When the Glue is Not Stuck on You
If you’re into crafts or fixit projects, you probably use glue frequently. The same is true if you spend a lot of time in a workshop or garage. There are many varieties of glue, but they all have the same intended function: put two things together so they don’t come apart. Most types of glue do their job very well. General craft glues, hot glue, and the old white glue we all used in school are great for paper, glitter and cardboard. Other adhesives with monikers like “Super”, “Krazy”, and “Gorilla” are great for repair, reattachment, or more permanent bonding. And then, you have the heavy, smelly stuff like epoxy. Some people say you can tell the adhesive strength of a glue by how easy it is to get it off your fingers! (And we don’t recommend that as a test of a glue’s strength.) But the point is that some glues are easier to remove from your carpet than others.
Especially after the glue has dried, Preferred Carpet Care in Redding highly recommends you have a professional remove any adhesive that unintentionally made it to your carpet. Nevertheless, there are some steps you can take to increase the likely success of glue removal. Keep in mind, however, that the more time the glue has to set, the more difficult the removal job gets.
NOTE: Some DIY methods suggest using things like acetone, nail polish, or even cleaners like WD-40 to remove glue from carpet. Preferred Carpet Care does not recommend using any such chemicals on your carpet, as they can cause more damage and pose significant health risks in using them. Call Preferred Carpet Care before attempting use of any such items on your carpet.
Stick to the Basics
As with any spill, get the excess out of the way as soon as possible. If the glue is still liquid and fresh, try using a firm white cloth and dab up as much as you can. If the liquid is thicker as the glue dries, a thin straight edge like a knife helps to collect the excess. You can also try a warm damp towel to loosen the glue and dab it up.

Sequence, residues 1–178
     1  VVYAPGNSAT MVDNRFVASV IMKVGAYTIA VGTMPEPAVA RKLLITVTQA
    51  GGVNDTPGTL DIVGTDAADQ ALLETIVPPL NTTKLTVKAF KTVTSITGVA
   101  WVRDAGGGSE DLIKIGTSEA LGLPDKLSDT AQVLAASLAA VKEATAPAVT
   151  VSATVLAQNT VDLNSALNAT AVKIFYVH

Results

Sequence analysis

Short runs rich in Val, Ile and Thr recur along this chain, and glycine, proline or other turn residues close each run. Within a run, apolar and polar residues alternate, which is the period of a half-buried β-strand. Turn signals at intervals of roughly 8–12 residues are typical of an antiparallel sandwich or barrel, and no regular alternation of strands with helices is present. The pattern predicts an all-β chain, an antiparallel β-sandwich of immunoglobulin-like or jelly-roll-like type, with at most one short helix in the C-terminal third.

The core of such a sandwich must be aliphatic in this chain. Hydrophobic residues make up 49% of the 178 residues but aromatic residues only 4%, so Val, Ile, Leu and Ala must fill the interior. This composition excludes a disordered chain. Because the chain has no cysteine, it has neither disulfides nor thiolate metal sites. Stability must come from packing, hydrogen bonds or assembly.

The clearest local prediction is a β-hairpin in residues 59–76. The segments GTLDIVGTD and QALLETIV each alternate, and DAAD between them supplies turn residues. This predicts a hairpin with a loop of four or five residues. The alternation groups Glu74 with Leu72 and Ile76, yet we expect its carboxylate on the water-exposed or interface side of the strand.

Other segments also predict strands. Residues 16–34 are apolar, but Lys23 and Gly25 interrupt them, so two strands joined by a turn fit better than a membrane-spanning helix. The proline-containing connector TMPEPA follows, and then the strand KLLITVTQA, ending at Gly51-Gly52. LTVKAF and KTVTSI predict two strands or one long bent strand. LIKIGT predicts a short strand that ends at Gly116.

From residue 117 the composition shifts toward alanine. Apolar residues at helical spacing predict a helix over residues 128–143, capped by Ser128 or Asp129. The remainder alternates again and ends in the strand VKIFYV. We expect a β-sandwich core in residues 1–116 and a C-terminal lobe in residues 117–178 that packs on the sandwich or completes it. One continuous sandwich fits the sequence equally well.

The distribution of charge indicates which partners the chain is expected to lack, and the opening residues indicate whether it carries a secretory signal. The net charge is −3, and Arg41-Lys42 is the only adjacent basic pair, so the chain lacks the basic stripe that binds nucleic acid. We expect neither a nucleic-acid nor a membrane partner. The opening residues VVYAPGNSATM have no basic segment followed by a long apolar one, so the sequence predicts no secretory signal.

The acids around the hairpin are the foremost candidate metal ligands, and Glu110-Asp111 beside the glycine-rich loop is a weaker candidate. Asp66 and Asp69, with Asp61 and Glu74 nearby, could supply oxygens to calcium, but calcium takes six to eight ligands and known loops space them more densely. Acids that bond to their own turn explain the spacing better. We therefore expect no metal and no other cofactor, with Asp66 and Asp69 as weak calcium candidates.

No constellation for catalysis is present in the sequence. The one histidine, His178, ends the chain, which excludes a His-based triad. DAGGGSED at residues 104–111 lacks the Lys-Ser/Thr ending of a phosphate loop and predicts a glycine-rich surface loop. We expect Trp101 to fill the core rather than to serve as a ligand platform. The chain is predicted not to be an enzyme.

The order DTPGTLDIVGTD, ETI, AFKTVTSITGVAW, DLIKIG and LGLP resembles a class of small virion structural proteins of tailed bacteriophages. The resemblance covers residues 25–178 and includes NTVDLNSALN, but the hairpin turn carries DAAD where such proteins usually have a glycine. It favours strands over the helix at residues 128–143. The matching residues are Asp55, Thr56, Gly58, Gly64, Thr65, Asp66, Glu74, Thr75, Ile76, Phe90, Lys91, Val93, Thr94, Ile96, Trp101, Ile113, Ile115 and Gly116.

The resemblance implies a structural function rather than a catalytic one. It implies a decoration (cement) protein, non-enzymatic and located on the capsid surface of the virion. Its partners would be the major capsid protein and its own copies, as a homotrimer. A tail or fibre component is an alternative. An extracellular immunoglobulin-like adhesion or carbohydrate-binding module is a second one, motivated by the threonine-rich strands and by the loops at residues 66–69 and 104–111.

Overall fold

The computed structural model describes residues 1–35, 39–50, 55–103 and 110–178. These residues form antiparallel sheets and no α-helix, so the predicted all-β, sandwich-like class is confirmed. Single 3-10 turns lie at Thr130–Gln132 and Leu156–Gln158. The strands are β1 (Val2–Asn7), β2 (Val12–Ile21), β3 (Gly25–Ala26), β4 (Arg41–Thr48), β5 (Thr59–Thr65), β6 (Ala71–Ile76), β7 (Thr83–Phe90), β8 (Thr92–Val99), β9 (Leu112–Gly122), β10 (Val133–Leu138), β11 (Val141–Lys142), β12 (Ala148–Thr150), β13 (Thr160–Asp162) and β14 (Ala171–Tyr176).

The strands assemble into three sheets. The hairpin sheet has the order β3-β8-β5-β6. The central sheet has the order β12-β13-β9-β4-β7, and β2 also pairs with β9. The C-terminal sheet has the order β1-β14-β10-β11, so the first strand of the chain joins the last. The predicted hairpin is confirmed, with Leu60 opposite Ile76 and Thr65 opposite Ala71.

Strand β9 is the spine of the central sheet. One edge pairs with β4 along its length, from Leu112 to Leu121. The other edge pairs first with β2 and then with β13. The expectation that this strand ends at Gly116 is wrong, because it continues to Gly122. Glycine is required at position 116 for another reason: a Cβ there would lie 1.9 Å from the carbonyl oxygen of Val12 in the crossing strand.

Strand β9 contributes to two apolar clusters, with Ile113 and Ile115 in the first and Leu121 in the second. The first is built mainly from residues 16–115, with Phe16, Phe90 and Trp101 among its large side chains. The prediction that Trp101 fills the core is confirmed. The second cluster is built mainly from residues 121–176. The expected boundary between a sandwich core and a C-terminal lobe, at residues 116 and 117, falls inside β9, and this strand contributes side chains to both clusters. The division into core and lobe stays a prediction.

Pour some distilled white vinegar into a cloth or towel and wipe the area of the spill. You want to get the area wet, but not too soaked, and let the moisture stay there for fifteen minutes or so. The adhesive residue should start peeling off the carpet fibers, easily removable with a wet cloth. If you don’t have distilled white vinegar available, you can also try dish soap mixed with warm water, but it might not be as effective.
With dried glue, start with gently scraping off the excess. Be careful not to tug too hard or carpet fibers might come loose. Dab a mixture of distilled white vinegar and warm water onto the glue. After a few minutes, you might be able to remove peelings, depending on the glue’s stubbornness.
The Next Level of Glues
If you’re dealing with “Super Krazy Gorillas” or two-tone epoxies bonding to your carpet, attempting self-removal will most likely result in permanent damage to your pile. Instead, contact Preferred Carpet Care via phone or website. Let our superior experience, skills, training and equipment work to save your carpet from this bane of a stain. We might even have further methods to try yourself before we get there.
But realistically, the best advice we can give you is to protect your carpet. If you absolutely need to use glue or other adhesives in the area of your carpet, cover it with a sheet or tarp. If you use glue in the workshop or garage, give yourself a quick inspection before traversing the living room. Keep the bond between you and your carpet stronger than any glue.
- Posted by Rod Barth
- On March 31, 2021